In a prior instructable I gave the history of why I was making a Lego Movie obstacle course for my 9 year old son's birthday. The first part was a Micro-Manager laser target system you can view here. The next obstacle station was a Micro-Manager sign attached to an electromagnet and pressure sensor. The aim was to have the kids throw a grenade into a basket which would promptly cause the image of the Micro-Manager to shoot down. It could then be reset for the next kid.

Step 1: Oogoo Grenade

The first thing I needed was some grenades. Thanks to Mikey77's instructable regarding making your own sugru/rubber material out of corn starch and silicone (found here), I was able to make several rubber grenades to give the kids. My son obtained a Halo Mega Block mini-figure which came in a hollow block grenade. I opened it up and vacuum formed a mold over the two halves. This made an excellent mold to make multiple rubber grenades. They needed to be small enough for a 9 year old to handle, but with enough weight to trigger the pressure plate sensor I would be using.

NOTE: make sure if you copy this step that you put sufficient mold release on the mold before pouring in the Oogoo, else the silicone will meld into the mold. This resulted in me having 3 perfectly normal grenades and a 4th with an outer shell with a striking resemblance to the mold (and the mold mysteriously disappeared).

Step 2: Support Structure

Next I needed the support structure. This consisted of a 1X6X24 piece of wood for the base, a 2X4X6 block and a 1X1X36 piece of wood for the neck. The base needed to be long enough to balance out the sign on one end, the parts in the middle, and the pressure sensor on the far end. I connected the neck to the block and base with a simple hinge so it could move up and down.

Step 3: Tension

Next I screwed a small bungee court around the neck and to the base. This creates tension to pull the neck backward to the ground. After much trial and error which could have been avoided if I had bothered to do some math, I had to raise the block up about 6 inches. This separated the pivot point from where I was attacking the electromagnet. The closer the electromagnet is to the pivot point, the more energy it takes to resist the tension. The further away it is, the less energy it takes. A pleasant physics reminder.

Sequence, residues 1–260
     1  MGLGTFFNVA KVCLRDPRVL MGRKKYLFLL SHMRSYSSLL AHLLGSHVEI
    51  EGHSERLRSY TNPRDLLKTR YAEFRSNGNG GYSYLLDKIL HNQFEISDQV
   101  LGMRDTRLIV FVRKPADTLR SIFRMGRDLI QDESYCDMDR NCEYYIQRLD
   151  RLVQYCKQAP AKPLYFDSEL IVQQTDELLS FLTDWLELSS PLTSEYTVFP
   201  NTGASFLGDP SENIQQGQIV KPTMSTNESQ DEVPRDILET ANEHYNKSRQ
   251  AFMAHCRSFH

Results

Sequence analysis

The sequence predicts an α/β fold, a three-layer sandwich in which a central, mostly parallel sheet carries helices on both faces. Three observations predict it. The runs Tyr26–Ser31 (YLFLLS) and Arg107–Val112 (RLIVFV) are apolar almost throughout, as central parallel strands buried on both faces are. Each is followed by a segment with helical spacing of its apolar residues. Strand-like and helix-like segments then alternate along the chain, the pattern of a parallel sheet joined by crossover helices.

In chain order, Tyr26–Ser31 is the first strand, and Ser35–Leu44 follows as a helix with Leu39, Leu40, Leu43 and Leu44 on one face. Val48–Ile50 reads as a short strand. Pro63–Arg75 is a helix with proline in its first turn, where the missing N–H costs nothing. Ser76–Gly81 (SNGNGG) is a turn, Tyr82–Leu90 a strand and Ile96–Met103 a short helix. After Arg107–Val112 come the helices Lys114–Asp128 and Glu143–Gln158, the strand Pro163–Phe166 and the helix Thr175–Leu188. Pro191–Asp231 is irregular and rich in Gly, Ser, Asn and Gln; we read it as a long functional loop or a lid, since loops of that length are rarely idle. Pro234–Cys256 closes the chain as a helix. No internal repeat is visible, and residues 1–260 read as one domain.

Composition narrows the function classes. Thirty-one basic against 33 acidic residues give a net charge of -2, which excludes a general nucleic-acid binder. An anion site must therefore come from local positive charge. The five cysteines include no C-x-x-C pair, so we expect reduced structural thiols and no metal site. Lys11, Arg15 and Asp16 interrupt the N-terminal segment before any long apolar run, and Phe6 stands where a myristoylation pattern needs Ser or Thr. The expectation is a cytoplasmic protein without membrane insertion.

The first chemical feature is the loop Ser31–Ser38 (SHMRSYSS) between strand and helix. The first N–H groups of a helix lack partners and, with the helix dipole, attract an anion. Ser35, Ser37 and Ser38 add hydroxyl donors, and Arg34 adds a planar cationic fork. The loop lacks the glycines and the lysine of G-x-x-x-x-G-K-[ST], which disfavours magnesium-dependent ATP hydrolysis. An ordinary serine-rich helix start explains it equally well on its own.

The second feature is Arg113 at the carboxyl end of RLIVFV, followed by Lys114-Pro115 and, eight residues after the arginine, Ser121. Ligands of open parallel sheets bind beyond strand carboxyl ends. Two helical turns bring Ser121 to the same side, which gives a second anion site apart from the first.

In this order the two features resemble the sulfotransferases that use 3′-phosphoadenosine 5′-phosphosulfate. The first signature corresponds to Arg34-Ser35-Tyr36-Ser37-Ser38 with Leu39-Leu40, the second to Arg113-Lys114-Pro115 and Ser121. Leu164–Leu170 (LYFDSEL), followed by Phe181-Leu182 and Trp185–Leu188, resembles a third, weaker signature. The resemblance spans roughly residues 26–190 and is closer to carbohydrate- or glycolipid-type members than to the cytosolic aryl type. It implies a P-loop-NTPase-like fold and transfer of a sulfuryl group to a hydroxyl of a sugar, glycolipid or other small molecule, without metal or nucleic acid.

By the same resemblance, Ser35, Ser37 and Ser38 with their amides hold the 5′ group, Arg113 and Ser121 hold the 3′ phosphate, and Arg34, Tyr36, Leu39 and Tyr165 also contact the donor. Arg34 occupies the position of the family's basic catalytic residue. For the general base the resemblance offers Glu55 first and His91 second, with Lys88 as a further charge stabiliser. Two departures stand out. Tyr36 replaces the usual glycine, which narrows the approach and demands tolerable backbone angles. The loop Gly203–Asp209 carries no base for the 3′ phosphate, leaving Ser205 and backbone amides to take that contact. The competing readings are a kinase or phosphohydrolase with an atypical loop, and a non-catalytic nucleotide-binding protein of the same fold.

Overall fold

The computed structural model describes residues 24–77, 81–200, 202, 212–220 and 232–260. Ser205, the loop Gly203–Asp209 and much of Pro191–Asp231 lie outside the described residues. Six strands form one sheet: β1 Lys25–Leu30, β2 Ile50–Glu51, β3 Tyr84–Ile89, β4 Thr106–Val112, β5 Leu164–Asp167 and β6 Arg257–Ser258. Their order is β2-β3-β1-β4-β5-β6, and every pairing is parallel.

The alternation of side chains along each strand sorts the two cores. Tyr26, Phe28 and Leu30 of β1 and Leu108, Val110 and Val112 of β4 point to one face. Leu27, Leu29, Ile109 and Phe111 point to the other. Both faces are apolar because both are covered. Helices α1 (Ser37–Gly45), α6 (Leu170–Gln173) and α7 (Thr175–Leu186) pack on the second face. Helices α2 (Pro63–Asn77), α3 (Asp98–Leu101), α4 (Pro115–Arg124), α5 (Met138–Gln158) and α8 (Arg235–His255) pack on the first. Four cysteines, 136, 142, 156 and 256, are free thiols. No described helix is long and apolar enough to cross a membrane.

Step 4: Magnet, Battery, and Relay

The circuit is a combination of two power supplies, an electromagnet, relay and a pressure plate. I used two 9V batteries wired in series to give me 18V. This was sufficient to keep the electromagnet attached to the metal plate I attached to the neck. The circuit needed to be normally closed. So, I attached a relay set to normally closed so the magnet would keep the neck in place, opposing the tension until released. A second 6V power supplied powered the relay. I writed a parallel circuit to that 6V power supply so one part of the circuit powered the relay, and the other ran through a normally opened circuit tied to the pressure plate. When the plate is triggered, the circuit is complete, the relay is triggered, it switches the normally closed circuit of 18V to open, disengages the electromagnet, and the tension from the bungee cord pulls the neck and Micro-Manager sign down to the ground.

Step 5: Basket to House Pressure Plate

Next I needed a place to house the pressure plate and something big enough for a target the 9 year olds could use. I decided on a cheap, $1 basket which was about 6X8 at the base. I used four screws and washers to attach the basket to the wooden base.

Step 6: Pressure Plate

OK, now for the pressure sensor. I used an old cardboard soda case because it already had bends in the cardboard which can be naturally used to help keep the two halves of the sensor separate. This meant the Mountain Dew symbol from the case remained on the outside, but the 9 year olds didn't complaint. I used some door trim insulation to separate the two halves of the plate. I then placed foil on both sides and connected a wire for each side of the normally opened circuit to each. The plate opens and closes, with the normal bend in the cardboard making a helpful separator. When the kids throw a rubber grenade into the basket, the grenades are heavy enough they make the two halves of the plate and foil touch, completing the circuit. The completed circuit runs 6V to the relay, which opens the 18V circuit, releasing the electromagnet.

Step 7: Micro-Manager

The main badguy in The Lego Movie is called Lord Business. His minions are Lego robots called Micro-Managers. I printed off a large 18X24 inch image and clued it to some 1/8 inch whiteboard. I then attached that to the neck of the structure. And now the obstacle station is complete, or so I thought.

Step 8: Should Have Thought Like a 9 Year Old

The station mechanics work exactly as I thought it might. However, I forgot I was dealing with not just 9 year old physical bodies, but 9 year old mentalities as well. Instead of aiming for the basket, most of the boys thought it would be really fun to just hit the sign instead. This resulted in the whiteboard becoming separated from the neck several times and eventually breaking apart. So the device did not survive the party. However, it was an interesting build and for the short time the kids aimed for the basket, it worked just fine.

<p>This looks like a ton of fun! Not surprised they broke it, though, ha. :)</p>

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